Also on Monday, the National Security Agency, the Federal Bureau of Investigation and the Cybersecurity and Infrastructure Security Agency jointly released technical details of more than 50 tactics and techniques preferred by hackers affiliated with the Chinese government, the official said. Such lists are common when the United States uncover or highlight malicious hacking campaigns and are intended to help businesses and critical infrastructure operators better protect their computer systems.
“Failure to sanction PRC-related actors has been one of the most productive and perplexing mistakes of our China policy that has transgressed governments.”
Cybersecurity experts have been urging the Biden administration to respond to China’s alleged involvement in the Microsoft email hack for months. Cybersecurity expert Dmitri Alperovitch of the think tank Silverado Policy Accelerator said the coordinated global condemnation of China was a welcome and overdue development.
“The Microsoft Exchange hacks by MSS contractors are the most ruthless cyber operations we’ve seen by Chinese actors – far more dangerous than the Russian SolarWinds hacks,” Alperovitch said, referring to the widespread cyber espionage campaign , which was discovered last December, along with other suspected activity, led to a series of punitive measures against Moscow.
Criticizing the lack of any sanctions against China, Mr Alperovitch said it raised questions about why Beijing appears to be evading harsher sentences, especially when compared to those imposed on Russia.
“Failure to sanction PRC-related actors has been one of the most productive and perplexing mistakes of our China policy that has transgressed governments,” Alperovitch said, referring to the People’s Republic of China. The public humiliation on Monday without further punishment “looks like a double standard compared to actions against Russian actors. We treat China with kid gloves. “
The senior civil servant said the Biden government is aware that no single measure will be able to change the Chinese government’s malicious cyber behavior and that the focus is on bringing countries together on a unified stance on Beijing. The list of nations condemning China on Monday was “unprecedented,” the official said, noting that this is the first time NATO itself has explicitly done so.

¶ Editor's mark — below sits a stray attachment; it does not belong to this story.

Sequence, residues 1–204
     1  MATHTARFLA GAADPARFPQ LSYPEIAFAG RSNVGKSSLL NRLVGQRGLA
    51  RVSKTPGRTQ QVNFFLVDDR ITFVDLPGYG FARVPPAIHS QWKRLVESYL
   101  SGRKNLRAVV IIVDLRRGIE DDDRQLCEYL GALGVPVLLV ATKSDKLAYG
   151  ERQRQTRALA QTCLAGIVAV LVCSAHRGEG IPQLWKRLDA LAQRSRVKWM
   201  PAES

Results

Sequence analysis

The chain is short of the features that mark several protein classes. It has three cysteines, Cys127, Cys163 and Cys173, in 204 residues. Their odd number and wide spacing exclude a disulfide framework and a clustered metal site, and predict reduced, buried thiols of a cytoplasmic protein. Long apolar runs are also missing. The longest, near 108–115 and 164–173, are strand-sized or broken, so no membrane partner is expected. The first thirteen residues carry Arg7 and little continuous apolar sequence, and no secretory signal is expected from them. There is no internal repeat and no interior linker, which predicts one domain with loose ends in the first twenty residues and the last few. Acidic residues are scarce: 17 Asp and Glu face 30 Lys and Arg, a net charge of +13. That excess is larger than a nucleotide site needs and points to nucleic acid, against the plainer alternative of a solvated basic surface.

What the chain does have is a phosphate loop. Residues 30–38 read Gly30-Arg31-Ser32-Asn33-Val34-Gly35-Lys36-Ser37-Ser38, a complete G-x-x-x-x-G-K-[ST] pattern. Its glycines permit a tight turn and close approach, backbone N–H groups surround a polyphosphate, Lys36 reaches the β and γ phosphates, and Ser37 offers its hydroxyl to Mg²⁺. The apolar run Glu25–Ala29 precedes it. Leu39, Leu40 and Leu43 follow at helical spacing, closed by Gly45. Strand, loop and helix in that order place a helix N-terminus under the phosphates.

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“We have made it clear that we will continue to take steps to protect the American people from malicious cyber activity, regardless of who is responsible,” the official said. “And we are not ruling out further measures to bring the PRC to account.”
The new indictment states that members of a provincial division of the Chinese intelligence agency in southern Hainan Province set up a bogus company that described itself as an information security company and directed its employees to target dozens of victims in the US, Austria, Cambodia and several others chop lands.
The defendants, three of whom are identified as intelligence officers, are not in US custody. Some cybersecurity experts have said that charges against foreign state-sponsored hackers often have little impact because the accused are rarely brought before an American courtroom. US officials have defended the practice, saying it will help convince allied governments, the private sector and others of the scope of the problem.
The group is accused of hacking dozens of schools, businesses, and government agencies around the world, from a research facility in California and Florida that focuses on virus treatments and vaccines, to a Swiss chemical company that makes marine paints, to one University in Pennsylvania with a robotics engineering program and the National Institutes of Health to two Saudi Arabian government ministries. The companies and universities are not named in the indictment.
The hackers allegedly used fake spear phishing emails and stored stolen data on GitHub, the indictment said. They coordinated with professors at a Chinese university, among other things to identify and recruit hackers for their campaign, it said. The alleged violation of the NIH dated August 2013, according to the indictment.
The Microsoft hack
Additional WSJ coverage of Exchange Server cyberattack, selected by the editor.